As Stuart Scott used to yell, "Ring the bell. School is out!" I recommend reading the three excerpted pieces in order:
Walter Russell Mead, "The State of Our Union: The biggest deficits in the United States these days are not the ones grabbing the headlines".
The state of our union can be summed up pretty easily: Democratic policy ideas don’t work, and the Republican Party is melting down. From New York state, where Democratic power brokers are beginning to be herded into prison, where so many of them belong, to Chicago, where a civil war between Democrat-run public unions and the Democratic mayor rages even as the city’s finances fall apart, to the collapsing cities of Detroit and Flint, and on out to the high-speed rail boondoggle in California, the country is covered in the ruins of decades of “progressive” governance. Take Obamacare itself, a “reform” that is already making health care more bureaucratic and less affordable. Even as premiums and deductibles rise and the provider networks shrink, special interests like labor unions, insurance companies and hospital chains seek to rewrite its rules and regulations to achieve windfalls for themselves at the public expense. They will almost certainly succeed, and over time, Obamacare like other programs will become increasingly encrusted by sweetheart deals, carve-outs and other provisions that reduce its positive qualities while making it ever more expensive and bureaucratic.
The more “Democratic” an institution is these days, on the whole the less well it is working. What institution in the United States has been under Democratic control longer and more thoroughly than the failing public school systems of major cities? Or their police departments?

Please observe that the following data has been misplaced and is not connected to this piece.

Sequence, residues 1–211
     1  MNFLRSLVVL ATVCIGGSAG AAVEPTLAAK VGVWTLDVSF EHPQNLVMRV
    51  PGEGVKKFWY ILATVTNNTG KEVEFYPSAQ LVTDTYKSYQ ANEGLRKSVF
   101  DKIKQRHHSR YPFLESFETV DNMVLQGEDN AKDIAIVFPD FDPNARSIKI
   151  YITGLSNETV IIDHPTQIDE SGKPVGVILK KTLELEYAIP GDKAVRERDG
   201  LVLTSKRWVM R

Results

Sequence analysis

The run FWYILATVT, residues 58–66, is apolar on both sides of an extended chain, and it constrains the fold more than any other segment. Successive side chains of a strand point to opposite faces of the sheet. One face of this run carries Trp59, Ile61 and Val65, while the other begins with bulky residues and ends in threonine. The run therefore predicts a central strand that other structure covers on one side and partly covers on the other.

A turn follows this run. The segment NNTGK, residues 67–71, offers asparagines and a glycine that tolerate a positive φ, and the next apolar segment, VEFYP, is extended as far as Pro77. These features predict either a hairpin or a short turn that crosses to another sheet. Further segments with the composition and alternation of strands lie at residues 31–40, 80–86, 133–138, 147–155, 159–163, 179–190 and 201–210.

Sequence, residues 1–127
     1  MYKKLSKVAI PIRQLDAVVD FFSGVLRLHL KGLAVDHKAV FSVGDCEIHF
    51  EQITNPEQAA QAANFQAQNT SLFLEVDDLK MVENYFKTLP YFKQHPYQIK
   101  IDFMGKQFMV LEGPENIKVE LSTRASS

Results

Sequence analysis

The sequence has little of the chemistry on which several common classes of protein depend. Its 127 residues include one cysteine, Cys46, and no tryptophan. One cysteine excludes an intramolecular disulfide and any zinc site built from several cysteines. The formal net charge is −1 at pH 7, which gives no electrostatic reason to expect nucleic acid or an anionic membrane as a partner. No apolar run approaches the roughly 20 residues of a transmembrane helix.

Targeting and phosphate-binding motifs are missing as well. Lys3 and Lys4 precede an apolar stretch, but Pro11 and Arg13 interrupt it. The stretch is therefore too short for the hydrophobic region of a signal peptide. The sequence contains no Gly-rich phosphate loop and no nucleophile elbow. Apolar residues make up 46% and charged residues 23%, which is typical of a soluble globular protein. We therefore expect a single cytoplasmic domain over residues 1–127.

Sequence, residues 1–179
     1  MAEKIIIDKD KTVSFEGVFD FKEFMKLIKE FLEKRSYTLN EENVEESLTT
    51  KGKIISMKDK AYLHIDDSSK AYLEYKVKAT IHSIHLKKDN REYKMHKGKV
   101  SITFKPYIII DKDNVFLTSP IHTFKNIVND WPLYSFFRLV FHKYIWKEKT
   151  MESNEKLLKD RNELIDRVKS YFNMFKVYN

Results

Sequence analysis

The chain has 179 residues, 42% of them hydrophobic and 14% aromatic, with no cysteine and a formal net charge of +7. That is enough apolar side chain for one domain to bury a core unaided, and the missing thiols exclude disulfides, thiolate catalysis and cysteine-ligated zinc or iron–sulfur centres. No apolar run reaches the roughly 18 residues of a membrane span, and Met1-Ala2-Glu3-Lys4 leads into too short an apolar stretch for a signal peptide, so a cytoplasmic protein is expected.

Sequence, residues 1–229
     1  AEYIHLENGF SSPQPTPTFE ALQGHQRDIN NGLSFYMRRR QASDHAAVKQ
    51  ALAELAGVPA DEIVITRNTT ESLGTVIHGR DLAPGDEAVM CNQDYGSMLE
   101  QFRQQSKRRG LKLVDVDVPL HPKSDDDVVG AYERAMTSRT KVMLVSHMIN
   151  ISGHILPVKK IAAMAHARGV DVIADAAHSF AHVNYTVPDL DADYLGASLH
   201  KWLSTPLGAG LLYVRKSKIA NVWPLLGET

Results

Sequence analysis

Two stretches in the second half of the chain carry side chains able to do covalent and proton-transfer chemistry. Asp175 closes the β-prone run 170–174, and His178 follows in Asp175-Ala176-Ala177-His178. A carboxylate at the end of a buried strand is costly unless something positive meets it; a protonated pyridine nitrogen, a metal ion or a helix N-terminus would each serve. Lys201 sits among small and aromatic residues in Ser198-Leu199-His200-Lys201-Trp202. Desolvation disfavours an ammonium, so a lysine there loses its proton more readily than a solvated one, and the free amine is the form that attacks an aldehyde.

Philip Wallach, "Farewell to the Administrative State?"
Because administrators style themselves as above-the-fray solvers of collective problems, it makes it very difficult for them to question their assumptions or open themselves to exchanges with critics on equal terms. Doing so would threaten their pose as “wise rulers” and show the political choices embedded in their thinking, and so their natural tendency is to hunker down—the very thing that has led to legitimacy problems over the long run, even as it fends off some short-term headaches by branding critics as “political” or as working for “special interests.” Legislatures, on the other hand, institutionally specialize in openness and the ability to find compromises even among people who remain in open political disagreement.
Glenn Reynolds, "How to make the U.S. collapse-proof".
So one answer would be for a society not to become so complex. This is easier said than done, of course. Human nature being what it is, bureaucrats want to expand their empires, politicians want to employ their constituencies on the taxpayers’ dime and various groups are always trying to mobilize the state’s resources on their own behalf. . . .
So one thing you’d want would be to limit the growth of this web. That means smaller government, government that’s less involved in administering the things that special interests care about, and one that provides more opportunities for citizens and groups who want to do things to break the web somehow. . . .
Of course, in describing a limited federal government, ruling over a nation made up of semi-sovereign states, subject to the rule of law and judicial review I’m not describing anything shocking or new: That’s precisely the kind of government we in the United States are supposed to have under our Constitution.